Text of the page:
3.3. Extracting resting-state networks with ICA

Page summary

This page demonstrates the use of multi-subject Independent Component Analysis (ICA) of resting-state fMRI data to extract brain networks in an data-driven way. Here we use the ‘CanICA’ approach, that implements a multivariate random effects model across subjects.

References

  • G. Varoquaux et al. “A group model for stable multi-subject ICA on fMRI datasets”, NeuroImage Vol 51 (2010), p. 288-299

3.3.1. Data preparation: retrieving example data

We will use sample data from the ADHD 200 resting-state dataset has been preprocessed using CPAC. We use nilearn functions to fetch data from Internet and get the filenames (more on data loading):

from nilearn import datasets

adhd_dataset = datasets.fetch_adhd()
func_filenames = adhd_dataset.func  # list of 4D nifti files for each subject

# print basic information on the dataset
print('First functional nifti image (4D) is at: %s' %
      adhd_dataset.func[0])  # 4D data

3.3.2. Applying CanICA

CanICA is a ready-to-use object that can be applied to multi-subject Nifti data, for instance presented as filenames, and will perform a multi-subject ICA decomposition following the CanICA model. As with every object in nilearn, we give its parameters at construction, and then fit it on the data.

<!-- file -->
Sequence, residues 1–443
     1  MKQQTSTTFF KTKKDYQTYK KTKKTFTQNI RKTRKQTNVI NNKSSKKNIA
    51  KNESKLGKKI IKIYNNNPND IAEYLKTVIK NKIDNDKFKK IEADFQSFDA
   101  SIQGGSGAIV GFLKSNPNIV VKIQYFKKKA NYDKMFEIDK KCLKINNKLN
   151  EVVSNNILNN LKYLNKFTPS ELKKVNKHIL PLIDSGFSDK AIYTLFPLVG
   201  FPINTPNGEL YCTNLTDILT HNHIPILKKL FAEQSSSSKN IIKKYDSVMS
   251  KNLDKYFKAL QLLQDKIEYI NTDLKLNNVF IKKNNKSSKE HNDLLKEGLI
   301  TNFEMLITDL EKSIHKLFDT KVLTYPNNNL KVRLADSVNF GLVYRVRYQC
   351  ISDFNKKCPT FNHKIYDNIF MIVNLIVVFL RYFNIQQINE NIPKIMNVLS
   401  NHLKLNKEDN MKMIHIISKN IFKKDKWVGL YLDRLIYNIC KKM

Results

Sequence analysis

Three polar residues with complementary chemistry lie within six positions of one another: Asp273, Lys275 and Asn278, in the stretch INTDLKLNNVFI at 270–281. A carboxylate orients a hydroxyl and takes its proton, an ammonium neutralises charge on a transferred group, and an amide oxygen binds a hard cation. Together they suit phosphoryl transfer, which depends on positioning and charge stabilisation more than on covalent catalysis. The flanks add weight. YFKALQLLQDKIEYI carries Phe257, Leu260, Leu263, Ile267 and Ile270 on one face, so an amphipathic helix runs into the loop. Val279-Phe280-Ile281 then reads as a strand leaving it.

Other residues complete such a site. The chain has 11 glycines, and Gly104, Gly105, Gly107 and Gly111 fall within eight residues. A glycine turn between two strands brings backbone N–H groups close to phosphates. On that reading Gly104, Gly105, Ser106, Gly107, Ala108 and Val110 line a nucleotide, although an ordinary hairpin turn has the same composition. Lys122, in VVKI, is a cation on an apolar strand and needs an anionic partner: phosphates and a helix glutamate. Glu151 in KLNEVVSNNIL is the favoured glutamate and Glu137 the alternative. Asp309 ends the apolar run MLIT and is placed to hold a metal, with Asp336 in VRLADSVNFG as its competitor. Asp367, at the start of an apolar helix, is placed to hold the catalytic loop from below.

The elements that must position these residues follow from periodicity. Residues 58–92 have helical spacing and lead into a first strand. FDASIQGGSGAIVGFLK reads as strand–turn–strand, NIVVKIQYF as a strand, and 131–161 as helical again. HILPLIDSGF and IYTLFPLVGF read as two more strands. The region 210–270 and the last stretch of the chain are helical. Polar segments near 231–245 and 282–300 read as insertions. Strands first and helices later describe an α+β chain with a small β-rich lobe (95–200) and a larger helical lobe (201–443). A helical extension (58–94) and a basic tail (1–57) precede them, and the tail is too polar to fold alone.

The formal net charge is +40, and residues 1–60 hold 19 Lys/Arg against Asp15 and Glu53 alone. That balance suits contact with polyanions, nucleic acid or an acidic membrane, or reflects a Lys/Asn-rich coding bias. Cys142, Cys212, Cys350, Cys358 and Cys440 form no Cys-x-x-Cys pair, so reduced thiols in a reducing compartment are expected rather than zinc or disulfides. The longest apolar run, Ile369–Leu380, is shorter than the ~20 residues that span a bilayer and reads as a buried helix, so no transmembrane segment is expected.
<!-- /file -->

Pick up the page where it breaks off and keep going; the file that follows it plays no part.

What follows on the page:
from nilearn.decomposition.canica import CanICA

n_components = 20
canica = CanICA(n_components=n_components, smoothing_fwhm=6.,
                memory="nilearn_cache", memory_level=5,
                threshold=3., verbose=10, random_state=0)
canica.fit(func_filenames)

# Retrieve the independent components in brain space
components_img = canica.masker_.inverse_transform(canica.components_)
# components_img is a Nifti Image object, and can be saved to a file with
# the following line:
components_img.to_filename('canica_resting_state.nii.gz')

The components estimated are found as the components_ attribute of the object.

3.3.3. Visualizing the results

We can visualize the components as in the previous examples. The first plot shows a map generated from all the components. Then we plot an axial cut for each component separately.

import matplotlib.pyplot as plt
from nilearn.plotting import plot_prob_atlas
from nilearn.plotting import plot_stat_map
from nilearn.image import iter_img

# Plot all ICA components together
plot_prob_atlas(components_img, title='All ICA components')

# Plot the map for each ICA component separately
for i, cur_img in enumerate(iter_img(components_img)):
    plot_stat_map(cur_img, display_mode="z", title="IC %d" % i, cut_coords=1,
                  colorbar=False)

plt.show()
../_images/plot_canica_resting_state_0011.png

left_img right_img

See also

The full code can be found as an example: Group analysis of resting-state fMRI with ICA: CanICA

Note

Note that as the ICA components are not ordered, the two components displayed on your computer might not match those of the documentation. For a fair representation, you should display all components and investigate which one resemble those displayed above.